Boom towns come and boom towns go. Logistics company DHL may be in a unique position to gauge which towns in Africa are booming right now based on the volume of goods being shipped in and out to support technology, mining and agriculture.
The company provides international express mail services as a division of the German logistics company Deutsche Post DHL, which claims to be the world’s largest logistics company.
HowWeMadeItInAfrica asked DHL managers in certain African countries to identify which towns and cities they would consider boom towns based on shipping business volume. Here are some of their responses:
Mozambique most northern port, Nacala is the deepest natural port on Africa’s east coast and is also the terminal for the Nacala Railway which links landlocked Malawi to the coast. Nacala will be crucial for commodities exports such as coal from Mozambique’s western Tete Province, DHL country manager Dominique Lalous told HowWeMadeItInAfrica. A new international airport is scheduled to be completed in 2015 that could eliminate dependence on Nampula – the nearest international airport 250 kilometers inland – for inbound and outbound air traffic, Lalous said.
Many international law firms and financial institutions have moved to Ebène, a technology hub that is thriving in Mauritius, according to Rahman Bholah, DHL country manager. Hyped as a Cyber City, Ebène is located 15 kilometers south of the capital of Port Louis. Construction began in 2001. Ebène is the home of the Regional Internet Registry for Africa, among other IT companies, and it’s also a cable landing point for a high-speed submarine communications cable between Malaysia and South Africa. The town is set up to provide businesses with modern facilities and the latest technology, Bholah said. DHL’s business in Ebène is booming, and the company has a dedicated staff and service center based there, according to HowWeMadeItInAfrica.
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At the center of Uganda‘s dairy farming industry, Mbarara is attracting investors involved in manufacturing dairy products. This growing industrial town located 280 kilometers (174 miles) from Uganda’s capital Kampala also has beverage companies and breweries expanding to the area. Land is available, the climate is good and it is one of the most attractive investor areas in Uganda, according to DHL local head Asteway Desta.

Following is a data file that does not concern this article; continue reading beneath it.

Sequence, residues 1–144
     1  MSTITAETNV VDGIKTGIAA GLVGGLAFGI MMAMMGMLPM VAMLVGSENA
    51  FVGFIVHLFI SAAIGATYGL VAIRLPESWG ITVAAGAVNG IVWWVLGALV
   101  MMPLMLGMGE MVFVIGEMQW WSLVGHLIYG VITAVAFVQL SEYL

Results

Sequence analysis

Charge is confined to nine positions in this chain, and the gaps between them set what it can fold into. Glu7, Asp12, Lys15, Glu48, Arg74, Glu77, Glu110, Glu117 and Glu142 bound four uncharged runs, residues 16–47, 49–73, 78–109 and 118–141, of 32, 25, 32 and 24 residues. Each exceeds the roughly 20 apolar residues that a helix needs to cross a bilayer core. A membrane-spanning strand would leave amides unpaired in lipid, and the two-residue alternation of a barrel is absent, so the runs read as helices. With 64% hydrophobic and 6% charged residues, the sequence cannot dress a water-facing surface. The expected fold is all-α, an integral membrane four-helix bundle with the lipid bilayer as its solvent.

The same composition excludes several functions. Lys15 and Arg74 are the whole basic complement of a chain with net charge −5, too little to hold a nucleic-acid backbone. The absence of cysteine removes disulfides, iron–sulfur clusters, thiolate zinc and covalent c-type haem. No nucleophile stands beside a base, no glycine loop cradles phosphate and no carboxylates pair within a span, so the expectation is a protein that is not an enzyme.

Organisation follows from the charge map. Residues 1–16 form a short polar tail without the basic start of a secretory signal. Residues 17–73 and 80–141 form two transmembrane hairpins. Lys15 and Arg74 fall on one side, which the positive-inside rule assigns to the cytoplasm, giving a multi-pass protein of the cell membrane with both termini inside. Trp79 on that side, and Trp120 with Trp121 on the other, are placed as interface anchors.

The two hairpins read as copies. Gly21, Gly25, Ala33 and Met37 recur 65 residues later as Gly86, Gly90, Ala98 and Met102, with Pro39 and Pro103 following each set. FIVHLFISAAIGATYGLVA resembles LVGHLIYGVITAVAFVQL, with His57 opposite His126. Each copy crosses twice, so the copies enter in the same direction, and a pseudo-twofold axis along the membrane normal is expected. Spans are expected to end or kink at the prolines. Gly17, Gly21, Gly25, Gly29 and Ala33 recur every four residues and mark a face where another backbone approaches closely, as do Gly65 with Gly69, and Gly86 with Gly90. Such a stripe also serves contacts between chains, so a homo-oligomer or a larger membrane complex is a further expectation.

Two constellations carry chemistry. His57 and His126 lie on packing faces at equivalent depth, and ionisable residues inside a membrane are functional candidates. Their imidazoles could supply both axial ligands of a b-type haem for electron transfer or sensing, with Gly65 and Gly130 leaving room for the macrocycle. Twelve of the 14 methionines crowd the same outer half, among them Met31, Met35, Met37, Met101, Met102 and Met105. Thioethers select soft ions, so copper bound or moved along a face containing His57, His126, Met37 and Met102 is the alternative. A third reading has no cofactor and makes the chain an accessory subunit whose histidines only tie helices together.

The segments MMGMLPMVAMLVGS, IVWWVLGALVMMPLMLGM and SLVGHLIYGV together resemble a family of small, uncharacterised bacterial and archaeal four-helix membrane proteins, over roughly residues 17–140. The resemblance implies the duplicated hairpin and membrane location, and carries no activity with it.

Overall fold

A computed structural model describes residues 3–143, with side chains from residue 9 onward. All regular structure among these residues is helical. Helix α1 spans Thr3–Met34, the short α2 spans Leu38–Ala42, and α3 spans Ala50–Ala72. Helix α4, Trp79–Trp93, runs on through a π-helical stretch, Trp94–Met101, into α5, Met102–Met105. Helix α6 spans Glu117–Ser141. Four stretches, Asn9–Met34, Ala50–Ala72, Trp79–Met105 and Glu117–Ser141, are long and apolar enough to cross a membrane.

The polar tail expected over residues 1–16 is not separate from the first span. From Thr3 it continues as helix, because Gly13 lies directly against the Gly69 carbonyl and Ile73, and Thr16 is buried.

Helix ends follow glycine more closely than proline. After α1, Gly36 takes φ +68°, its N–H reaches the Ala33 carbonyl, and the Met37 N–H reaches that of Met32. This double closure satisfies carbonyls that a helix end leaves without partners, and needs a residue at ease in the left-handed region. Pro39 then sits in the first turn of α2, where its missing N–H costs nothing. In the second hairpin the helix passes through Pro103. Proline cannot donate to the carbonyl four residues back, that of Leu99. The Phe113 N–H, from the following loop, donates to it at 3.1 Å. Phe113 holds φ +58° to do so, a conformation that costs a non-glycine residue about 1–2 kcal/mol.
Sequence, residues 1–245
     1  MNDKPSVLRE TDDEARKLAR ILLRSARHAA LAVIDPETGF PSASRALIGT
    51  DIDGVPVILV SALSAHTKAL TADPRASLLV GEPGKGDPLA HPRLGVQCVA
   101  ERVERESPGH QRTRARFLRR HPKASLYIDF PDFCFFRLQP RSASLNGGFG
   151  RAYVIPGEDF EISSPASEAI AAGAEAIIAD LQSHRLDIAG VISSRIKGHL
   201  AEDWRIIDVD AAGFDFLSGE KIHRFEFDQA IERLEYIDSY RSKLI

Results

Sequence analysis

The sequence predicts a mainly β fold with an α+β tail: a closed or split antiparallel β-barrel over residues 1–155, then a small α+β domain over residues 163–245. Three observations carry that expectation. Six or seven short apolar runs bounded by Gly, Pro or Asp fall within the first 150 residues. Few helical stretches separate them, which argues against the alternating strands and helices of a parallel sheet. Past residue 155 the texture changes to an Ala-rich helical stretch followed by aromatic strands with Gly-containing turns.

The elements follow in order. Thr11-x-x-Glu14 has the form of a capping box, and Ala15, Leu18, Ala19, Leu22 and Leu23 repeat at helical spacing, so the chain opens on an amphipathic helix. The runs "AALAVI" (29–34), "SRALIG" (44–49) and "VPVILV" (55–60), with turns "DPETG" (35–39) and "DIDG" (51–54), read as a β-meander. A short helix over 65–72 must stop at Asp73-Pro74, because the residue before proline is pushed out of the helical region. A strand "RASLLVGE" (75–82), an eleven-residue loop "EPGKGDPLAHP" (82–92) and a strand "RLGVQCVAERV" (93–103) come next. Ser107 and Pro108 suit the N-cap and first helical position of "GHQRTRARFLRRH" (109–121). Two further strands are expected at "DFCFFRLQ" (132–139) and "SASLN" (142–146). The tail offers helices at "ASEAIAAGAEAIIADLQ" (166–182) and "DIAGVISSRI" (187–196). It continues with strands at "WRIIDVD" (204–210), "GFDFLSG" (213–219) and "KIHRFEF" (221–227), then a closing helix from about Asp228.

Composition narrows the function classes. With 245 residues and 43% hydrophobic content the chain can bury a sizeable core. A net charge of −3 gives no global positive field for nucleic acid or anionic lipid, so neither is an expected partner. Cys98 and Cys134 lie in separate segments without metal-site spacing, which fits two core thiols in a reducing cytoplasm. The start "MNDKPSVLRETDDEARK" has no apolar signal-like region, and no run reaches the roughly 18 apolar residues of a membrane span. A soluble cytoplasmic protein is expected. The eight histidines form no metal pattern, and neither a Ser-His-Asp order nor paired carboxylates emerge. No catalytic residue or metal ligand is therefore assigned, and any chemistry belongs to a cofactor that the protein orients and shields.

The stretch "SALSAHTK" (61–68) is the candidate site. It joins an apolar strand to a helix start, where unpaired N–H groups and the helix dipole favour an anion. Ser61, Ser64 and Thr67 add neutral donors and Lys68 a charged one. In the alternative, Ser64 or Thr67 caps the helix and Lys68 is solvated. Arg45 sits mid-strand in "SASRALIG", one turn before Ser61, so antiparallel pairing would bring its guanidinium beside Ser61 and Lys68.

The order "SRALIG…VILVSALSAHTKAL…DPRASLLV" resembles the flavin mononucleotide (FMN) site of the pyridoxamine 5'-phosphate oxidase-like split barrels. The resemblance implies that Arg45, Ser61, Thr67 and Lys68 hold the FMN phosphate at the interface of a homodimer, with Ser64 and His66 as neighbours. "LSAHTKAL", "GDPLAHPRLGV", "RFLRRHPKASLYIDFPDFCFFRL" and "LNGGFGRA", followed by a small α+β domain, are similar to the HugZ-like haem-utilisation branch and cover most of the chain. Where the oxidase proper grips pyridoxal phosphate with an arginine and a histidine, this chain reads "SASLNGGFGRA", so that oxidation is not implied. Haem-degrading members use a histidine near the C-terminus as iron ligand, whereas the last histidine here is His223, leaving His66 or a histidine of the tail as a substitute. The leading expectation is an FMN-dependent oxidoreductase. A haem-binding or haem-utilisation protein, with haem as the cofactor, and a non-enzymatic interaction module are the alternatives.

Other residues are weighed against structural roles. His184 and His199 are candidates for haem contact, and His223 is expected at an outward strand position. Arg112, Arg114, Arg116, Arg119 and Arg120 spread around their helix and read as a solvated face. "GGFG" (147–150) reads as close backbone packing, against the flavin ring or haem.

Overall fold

Located on Liberia’s border with Guinea, the town of Ganta is close to mining companies in the area. Giants such as iron ore miner ArcelorMittal have increased commercial and social activities in Ganta, according to DHL country manager Akwasi Aninakwah.
Located on the Trans-Gambia Highway just south of the border with Senegal, Farafenni is an important market town that enjoys a strategic location on the main road between Dakar and the Casamance in Southern Senegal. Situated on the north bank of the Gambia River, Farafenni is about 120 kilometers inland from the capital of Banjul and the ferry across the Gambia River is here. The town is growing because of its geographical location, said says DHL’s Claude Edgard Zocli in HowWeMadeItInAfrica.
“Intensive trade activities in Farafenni have attracted numerous services companies, such as banks and insurance firms, which drive economic development in the town, and consequently an influx of people,” he said.
Food and agriculture is turning Bobo-Dioulasso, Burkina Faso’s second largest city, into a boom town, according to Nawa Yeo, DHL country manager. Small and medium enterprises that deal in soap, vegetable oil, fruit, cereal, cotton, and artisan products are setting up factories to produce goods locally for export and for domestic markets, Yeo told HowWeMadeItInAfrica.
A new technology city 60 kilometers southeast of Nairobi, Konza Techno City is supposed to advance technology spending and growth in Kenya. It’s starting to happen if shipment of goods is any indication, according to Alan Cassels, head of DHL Kenya. Konza will focus on business process outsourcing, telecommunications, education and life sciences. The infrastructure phase of the project was launched recently, HowWeMadeItInAfrica reported.